Tires Tires for friction drive

Discussion in 'Bicycle Repair' started by f3if3i, Sep 24, 2010.

  1. f3if3i

    f3if3i New Member

    Currently I'm awaiting my bmp and eho35 engine kit to arrive and in the mean time i like to get the right tire for my bike which right now has a lot of tread (I read it doesn't work well with FD)

    I have already search the forum on this but just like some advice because buying these tires at a very low price on ebay and Im thinking its way too good to be true?

    On biketiresdirect the kenda K847 tires are like $17 for one but this guy on ebay is selling one for like $9 BIKE-MTB-CITY-ROAD-TIRE-F-R-BICYCLE-26-x-1-95-/290418911284?pt=Cycling_Parts_Accessories&hash=item439e50e834

    Should I go ahead and buy it? I'm just thinking why its so cheap since I have a mindset you get what you pay for you know...

  2. Porkchop

    Porkchop Member

    Just got to Walmart, K-Mart, your local bike shop etc. Any road tire with a pretty smooth tread should be sufficient. I’m sure some name brands are better than others, but I have a Bell tire (from Walmart) on my bike and have had no issues with it. You’ll figure out how much pressure to put in the tire and how much pressure between the drive roller and the tire. Just keep an eye on the tire for wear and thin spots. Should not be a big deal.
  3. Richard H.

    Richard H. Member

  4. Esteban

    Esteban Active Member

  5. pbeggs

    pbeggs Member

    i used that same exact tire on my friction drive it has 1500 miles on it with no issues,.... i always ran the max for air pressure.
  6. loquin

    loquin Active Member

    Generally, for bike tires on asphalt, the slicker the better. (Tread is worse than useless for bike tires.)

    For a wider tire, the Innova Swiftor is very nice - it has a very 'grippy,' smooth ride. It corners well, and continues to grip smoothly no matter how far you lean in a turn. It also seems to have low rolling friction; I can get another MPH or two more speed from it. (1st photo, below.) And, it's low-cost.

    It IS a soft rubber though, and can be susceptible to thorns, so a good liner is recommended.

    I'm currently running the Continental Town & Country, and like it a lot, too.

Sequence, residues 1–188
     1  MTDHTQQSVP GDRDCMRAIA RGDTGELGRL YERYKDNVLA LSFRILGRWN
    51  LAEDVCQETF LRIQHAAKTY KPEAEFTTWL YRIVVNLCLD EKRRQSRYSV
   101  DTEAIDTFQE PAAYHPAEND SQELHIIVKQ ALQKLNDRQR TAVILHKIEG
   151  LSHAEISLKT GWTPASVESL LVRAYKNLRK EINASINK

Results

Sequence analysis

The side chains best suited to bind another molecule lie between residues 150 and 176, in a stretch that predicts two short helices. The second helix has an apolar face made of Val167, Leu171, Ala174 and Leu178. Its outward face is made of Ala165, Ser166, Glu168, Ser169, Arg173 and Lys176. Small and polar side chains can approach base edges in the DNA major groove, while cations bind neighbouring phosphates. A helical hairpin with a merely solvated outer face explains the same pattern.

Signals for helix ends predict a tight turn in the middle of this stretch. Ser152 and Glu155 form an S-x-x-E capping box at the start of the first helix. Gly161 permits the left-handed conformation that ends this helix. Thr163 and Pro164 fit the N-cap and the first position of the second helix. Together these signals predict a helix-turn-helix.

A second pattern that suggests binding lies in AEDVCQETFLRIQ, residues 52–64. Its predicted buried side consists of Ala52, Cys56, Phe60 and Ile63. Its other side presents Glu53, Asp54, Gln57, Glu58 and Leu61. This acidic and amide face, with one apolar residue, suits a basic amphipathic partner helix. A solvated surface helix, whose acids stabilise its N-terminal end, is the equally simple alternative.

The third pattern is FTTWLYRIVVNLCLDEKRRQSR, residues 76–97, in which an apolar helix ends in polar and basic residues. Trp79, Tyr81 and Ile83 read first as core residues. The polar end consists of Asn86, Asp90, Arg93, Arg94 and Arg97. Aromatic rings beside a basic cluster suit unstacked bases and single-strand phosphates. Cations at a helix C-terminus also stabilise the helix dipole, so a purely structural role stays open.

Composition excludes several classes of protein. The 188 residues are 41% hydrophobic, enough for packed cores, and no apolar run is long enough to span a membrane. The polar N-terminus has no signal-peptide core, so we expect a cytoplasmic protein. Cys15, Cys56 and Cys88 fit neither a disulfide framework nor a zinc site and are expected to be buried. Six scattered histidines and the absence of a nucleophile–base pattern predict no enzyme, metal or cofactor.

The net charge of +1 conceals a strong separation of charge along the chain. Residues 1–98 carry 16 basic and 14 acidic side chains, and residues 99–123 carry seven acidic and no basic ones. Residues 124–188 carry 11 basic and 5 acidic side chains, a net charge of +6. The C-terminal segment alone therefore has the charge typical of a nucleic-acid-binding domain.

It's a harder rubber, and more resistant to thorns. With the continuous strip of treadless rubber in the center of the tire, it also is smooth running. But, it doesn't corner as well as the Innova (you can feel the gaps in the tread when cornering,) and it doesn't grip as well. It could be run off-road though, with it's inverted tread. (2nd photo.) However, it IS more expensive.

    The Kenda's you mention (third photo) would be fine on the straight-away, but if you corner hard on the street, you're more likely to lose control... :( (I hate it when I leave those skin-colored skid marks...)

    Attached Files:

    Last edited: Sep 28, 2010
  7. Slackbiker

    Slackbiker Member

    I use those Kendas on tour, though i never corner hard. I also put a lot of miles on non-asphalt roads and shoulders, so i like that they are a bit knobby on the edges.
  8. Whizzerd

    Whizzerd Member

    Good tubes are important too. The thorn resistant tubes are thick and seem to hold up well. Slime tubes are pretty much worthless at sealing a puncture is my experience.
  9. Esteban

    Esteban Active Member

    One tip.
    Learn to ride a friction drive bike, correctly. Trying to " hotrod it, revving, fast starts, etc., etc. is NOT the way to go. People will tell you that a friction drive " eats " the tires. If you ride it like mentioned above, yes, it will. " It won't,,,, if you don't ! "
    I like to say " feathering " the throttle. Easing up to speed , no revving while the drive roller is sitting on the tire, a little extra pedalling here & there , & you will see it works much better.
  10. Whizzerd

    Whizzerd Member

    AMEN, Esteban! You got that right on! Roller alignment is important too. Easily acheived when installing the unit. This other myth of 'useless when wet' is one I don't get. A LITTLE more pressure into the tire if roller is properly aligned, proper tire pressure, perhaps an additional 1/8-3/16" and getting caught in the rain wasn't a problem for me. In fact I was WOT for over a mile since it was lightning fairly close. No slippage on the BMP, only the front v-brakes. It was a driving, pouring rain.
    Last edited: Sep 29, 2010
  11. Richard H.

    Richard H. Member

    Worded so, it would be stated overkill. While not useless, performance is seriously effected for the simple reason friction is greatly reduced on a system than is entirely dependent on it.

    The three main problem areas when wet are:
    -from a standstill, overcoming start-up inertia;
    -goosing the throttle while once underway;
    -on hills or grades.

    I've done touring using FDs where I didn't always have the luxury in picking the weather or delaying because of it. The first two problems I mentioned can be mitigated with attention, the third however is terrain dependent. One can try to get a run up a hill with FD on a wet road for momentum, but if the grade is long enough or steep enough, the spindle will break friction and just spin on the tire.
  12. Esteban

    Esteban Active Member

    Just help the motor along a little more with pedalling , & be easy on the throttle when wet is the best way to deal with it. I have used a homemade compound applied to the roller that helped a lot. It was rougher on the tires. If I ride in the rain,,, it is because I got caught in it by accident.
  13. adb140275

    adb140275 Member